With Gaming Events to Financial Freedom: Prize Money in E-Sports
Gaming is playing an increasingly important role in all our lives. It's not just active gamers who try their hand at the countless challenges of the gaming world. Millions of people admire the best of the best via streaming platforms like Twitch. So it's hardly surprising that e-sports is becoming increasingly important, with one tournament after another luring players with high prize money.
The undisputed number one: Dota 2
The RTS game Dota 2, developed by the American game developer Valve, makes two teams of five gamers compete against each other in a breathtaking fantasy world. The goal is to destroy the opponent's main buildings - the so-called Ancients. To do this, players choose from over a hundred heroes to make their way to the enemy Ancient via three possible paths. There, the heroes encounter bots, defense towers and, of course, the opposing players and use various magical attacks in addition to brute force to reach their goal. Dota 2 is free-to-play, but skins or battle passes can be purchased via microtransactions, which do not bring any gameplay advantages. 25 percent of the resulting revenue goes into the pot for the prize money of the highest-endowed gaming event, The International. In 2014, $10.93 million was paid out, which helped the tournament secure ninth place among the highest prize pools. However, The International has always outdone itself. While it ranked sixth in 2015 with earnings of $18.43 million, it worked its way up each year until it landed at the top of the list in 2021 with prize money of $40.02 million. A total of 174.7 million US dollars has already been paid out over the years, making Dota 2 the undisputed winner among gaming events.
In the fast lane: Fortnite
Epic Games' multiplayer 3rd person battle royale has kept the gaming scene in its grip since its release. One hundred players per game land on a quiet map where they have to fight for their survival. For this, they not only have numerous weapons at their disposal, but also a complex building system that goes far beyond the construction of simple protective walls. For example, if you want to build a bridge high in the sky to attack your opponents from the sky, you can do that in Fortnite. You can use any means to lure your opponents into a trap and be the last one to leave the field. There are no limits to creativity, and this variety of possibilities, which is in no way inferior to a gaming hit like Minecraft, is a guarantee for increasing player numbers. Since its release in 2017, more than 350 million players have registered for the free PvP shooter. So it was only a matter of time until an e-sports scene developed - a scene that still regularly attracts viewers in front of the screen to admire the skills of the pros via Twitch. In busy months, the streaming platform recorded well over 100 million viewer hours. Since 2018, various major events have also taken place around the Battle Royale. The Fortnite World Cup Finals 2019 are certainly one of the highlights of the e-sports tournament history. With prize money of 15.1 million US dollars in the Duo category (8th place) and 15.29 million US dollars in the Solo category (7th place), the tournament took two places among the highest-paying gaming events ever held.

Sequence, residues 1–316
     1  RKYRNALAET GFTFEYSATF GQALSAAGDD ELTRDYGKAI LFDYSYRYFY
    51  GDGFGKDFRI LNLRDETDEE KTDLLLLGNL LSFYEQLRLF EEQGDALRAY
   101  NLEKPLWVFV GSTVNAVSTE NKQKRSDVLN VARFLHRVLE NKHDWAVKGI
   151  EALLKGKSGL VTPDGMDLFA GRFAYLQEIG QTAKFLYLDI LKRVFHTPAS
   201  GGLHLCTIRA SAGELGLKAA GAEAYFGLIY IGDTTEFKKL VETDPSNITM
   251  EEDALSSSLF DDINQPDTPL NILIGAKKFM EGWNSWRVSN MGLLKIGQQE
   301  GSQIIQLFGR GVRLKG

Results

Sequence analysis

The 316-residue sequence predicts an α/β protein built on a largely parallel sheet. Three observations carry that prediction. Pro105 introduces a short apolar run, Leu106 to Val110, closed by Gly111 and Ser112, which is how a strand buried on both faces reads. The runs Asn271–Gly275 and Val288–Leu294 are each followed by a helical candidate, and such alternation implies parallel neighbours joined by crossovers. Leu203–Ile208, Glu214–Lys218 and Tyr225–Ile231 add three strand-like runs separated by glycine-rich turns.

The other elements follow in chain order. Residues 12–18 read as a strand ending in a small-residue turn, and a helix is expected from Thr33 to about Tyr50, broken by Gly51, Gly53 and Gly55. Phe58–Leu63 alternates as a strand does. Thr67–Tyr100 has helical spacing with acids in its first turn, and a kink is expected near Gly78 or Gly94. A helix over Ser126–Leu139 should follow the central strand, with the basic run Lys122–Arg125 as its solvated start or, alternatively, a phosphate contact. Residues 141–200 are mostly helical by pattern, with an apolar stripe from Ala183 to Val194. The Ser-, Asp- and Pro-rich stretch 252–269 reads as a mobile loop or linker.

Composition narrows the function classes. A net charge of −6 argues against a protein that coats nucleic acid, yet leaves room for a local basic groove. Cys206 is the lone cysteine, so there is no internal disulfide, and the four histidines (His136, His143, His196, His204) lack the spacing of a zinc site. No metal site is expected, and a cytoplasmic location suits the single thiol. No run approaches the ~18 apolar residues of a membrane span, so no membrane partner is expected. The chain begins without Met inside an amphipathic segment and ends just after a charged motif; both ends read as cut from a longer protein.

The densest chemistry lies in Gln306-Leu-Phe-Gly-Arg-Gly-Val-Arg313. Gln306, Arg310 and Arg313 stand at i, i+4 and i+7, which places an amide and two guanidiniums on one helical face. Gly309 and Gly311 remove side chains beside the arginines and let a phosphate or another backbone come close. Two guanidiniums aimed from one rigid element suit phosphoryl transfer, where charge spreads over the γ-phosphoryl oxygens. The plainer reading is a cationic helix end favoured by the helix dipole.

Gaming without borders
If you think that only Dota 2 and Fortnite would find a large following in e-sports, you are mistaken. Ranking 10th is the Honor of Kings World Champion Cup 2021, which revolves around the 5v5 MOBA Arena of Valor. With a prize purse of $7.73 million, it took the final spot in the top 10. It was closely followed by the PGI.S 2021 Main Event for Playerunknown's Battlegrounds. The tournament attracted players with prize money of US$7.07 million and finished in eleventh place. Like Dota 2, League of Legends pits five players against each other to destroy the opponent's base. The action-based strategy game still has a huge following in the gaming scene today, which is why it took three places in a row in the rankings. The LoL 2018 World Championship reached 12th place with prize money of 6.45 million US dollars. 13th place went to the LoL 2016 World Championship (5.07 million US dollars), closely followed by the LoL 2017 World Championship, which secured 14th place thanks to prize money of 4.95 million US dollars. In 15th place, Arena of Valor is once again represented by the Honor of Kings World Champion Cup 2020. 4.61 million US dollars beckoned the winners. A list of highest-paying gaming events would not be the same without this original shooter: the Call of Duty League Championship 2020 awarded 4.6 million US dollars to the tournament winners and thus ranks 16th. 17th place went to Playerunknown's Battleground (PUBG Global Championship 2019) with $4.08 million. Fortnite secured 18th place with the Fall Skirmish Series ($4 million) and 20th place with the 2019 World Cup Finals ($3.25 million). The Season 2 Playoffs of the shooter Overwatch came in at 19th place with prize money of 3.5 million US dollars.